As I rolled through a parking lot in San Pedro, the bright plumage of this Porsche tail section caught my eye. From a distance, the small bumpers identified it as a pre-74 model, and thus worth further attention.
Up close, the tight parking job almost dissuaded me from stopping for pictures, until I noticed a minor detail on the deck lid.
That’s right, this Porsche is a 912 (nine-twelve), the four cylinder variant of the 911.
From 1965 to 1969, Porsche also offered their new six cylinder 911 with a 1588 cc four cylinder engine option. Porsche sourced this small motor option from the retired 356. At release, the 912 weighed about 2,100 pounds and packed 90 horsepower. While this package sounds rather pedestrian compared to modern day Porsches, the 912 provided a power to weight ratio similar to a first generation Mazda Miata, and the lighter four cylinder motor provided improved handling compared to its big brother. In addition, the 912 provided a price tag closer to the departed 356’s, reducing the sticker shock associated with the new model.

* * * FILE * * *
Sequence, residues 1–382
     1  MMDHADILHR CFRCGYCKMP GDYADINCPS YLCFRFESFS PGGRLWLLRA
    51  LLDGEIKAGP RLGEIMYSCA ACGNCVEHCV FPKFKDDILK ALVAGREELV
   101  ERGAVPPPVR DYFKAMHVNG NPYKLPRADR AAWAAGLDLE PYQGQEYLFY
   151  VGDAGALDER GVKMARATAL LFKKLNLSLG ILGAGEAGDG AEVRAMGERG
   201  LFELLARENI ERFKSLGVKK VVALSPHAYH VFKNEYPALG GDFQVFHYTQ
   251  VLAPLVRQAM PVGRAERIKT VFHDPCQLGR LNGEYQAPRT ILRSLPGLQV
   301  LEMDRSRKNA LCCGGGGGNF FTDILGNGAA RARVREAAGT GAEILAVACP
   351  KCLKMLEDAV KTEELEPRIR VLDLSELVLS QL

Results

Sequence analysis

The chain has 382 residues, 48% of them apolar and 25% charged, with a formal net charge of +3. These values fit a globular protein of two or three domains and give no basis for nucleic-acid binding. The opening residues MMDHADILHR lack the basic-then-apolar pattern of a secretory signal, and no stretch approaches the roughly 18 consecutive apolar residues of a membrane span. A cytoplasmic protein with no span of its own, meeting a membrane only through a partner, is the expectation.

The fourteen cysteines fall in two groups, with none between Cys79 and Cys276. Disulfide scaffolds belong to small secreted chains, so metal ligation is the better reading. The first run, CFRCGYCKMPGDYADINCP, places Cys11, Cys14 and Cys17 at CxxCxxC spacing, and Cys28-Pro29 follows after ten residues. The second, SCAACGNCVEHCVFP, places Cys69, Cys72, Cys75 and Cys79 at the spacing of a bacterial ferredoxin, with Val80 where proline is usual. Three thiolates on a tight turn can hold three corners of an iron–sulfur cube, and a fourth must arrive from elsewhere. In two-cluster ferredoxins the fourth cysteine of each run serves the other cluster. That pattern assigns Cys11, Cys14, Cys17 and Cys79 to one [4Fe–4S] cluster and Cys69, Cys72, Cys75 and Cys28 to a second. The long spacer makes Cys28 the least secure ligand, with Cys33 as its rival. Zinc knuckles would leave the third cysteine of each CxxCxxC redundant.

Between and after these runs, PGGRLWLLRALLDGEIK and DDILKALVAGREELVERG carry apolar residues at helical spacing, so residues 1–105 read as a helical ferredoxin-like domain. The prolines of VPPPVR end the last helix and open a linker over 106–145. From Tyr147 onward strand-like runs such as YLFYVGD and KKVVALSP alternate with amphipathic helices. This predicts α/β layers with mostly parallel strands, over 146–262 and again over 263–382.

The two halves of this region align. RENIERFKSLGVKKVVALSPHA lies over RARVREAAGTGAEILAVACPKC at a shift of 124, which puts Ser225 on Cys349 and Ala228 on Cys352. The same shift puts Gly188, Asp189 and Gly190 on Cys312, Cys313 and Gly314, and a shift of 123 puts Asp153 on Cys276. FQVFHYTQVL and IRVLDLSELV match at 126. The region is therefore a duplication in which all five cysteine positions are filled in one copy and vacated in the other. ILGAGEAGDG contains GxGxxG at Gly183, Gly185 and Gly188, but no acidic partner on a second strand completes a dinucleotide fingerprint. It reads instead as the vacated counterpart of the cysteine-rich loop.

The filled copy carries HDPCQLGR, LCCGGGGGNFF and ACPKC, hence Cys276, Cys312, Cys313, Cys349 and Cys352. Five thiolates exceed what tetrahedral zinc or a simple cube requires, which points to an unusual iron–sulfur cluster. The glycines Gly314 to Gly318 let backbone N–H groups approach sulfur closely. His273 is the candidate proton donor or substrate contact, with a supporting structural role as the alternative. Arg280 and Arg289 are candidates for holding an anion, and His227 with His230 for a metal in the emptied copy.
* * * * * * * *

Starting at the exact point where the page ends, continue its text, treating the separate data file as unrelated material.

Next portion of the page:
This interior shot reminds us of the minimilist approach used in German sports cars of the nineteen sixties. No fancy options, not electronic aids, no dual clutch, paddle shifting automatics. Just big gauges, a steering wheel connected to a manual rack, and a shift lever.
Personally, I hate this color, but love it on this Porsche. Say what you will about olive green, the color is period correct and the car appears original. For example, while the base 912 came with steel wheels, Porsche offered these Fuchs alloy wheels on the 912 in 1968 and 1969 so it may have come from the factory this way. Although early 911s are well known for body rust, the blue California plate indicates this car has been a lifetime California resident, explaining the lack of environmental damage.
Serious Porsche spotters may disagree, but I’m calling this car a 1969. In addition to the optional Fuchs Alloys, 68 and 69 year cars used the un-covered headlights and fixed quarterglass shown in these pictures . Furthermore, close examination of my original photos show a rear view mirror mounted on the windshield glass, along with a heating grid built into the rear window. Taken together, these features mark this as a 1969 model year car.
Porsche dropped the 912 in 1970, but to complete the 912 story we should also mention the 1976 912E. A one-year model, the E variant used the 1972 cc flat four from the 914 2.0. This provided a low price model for US Porsche dealers to replace the now defunct 914, but once the (four cylinder) 924 arrived in 1977, the 912 once again dropped off the Porsche menu.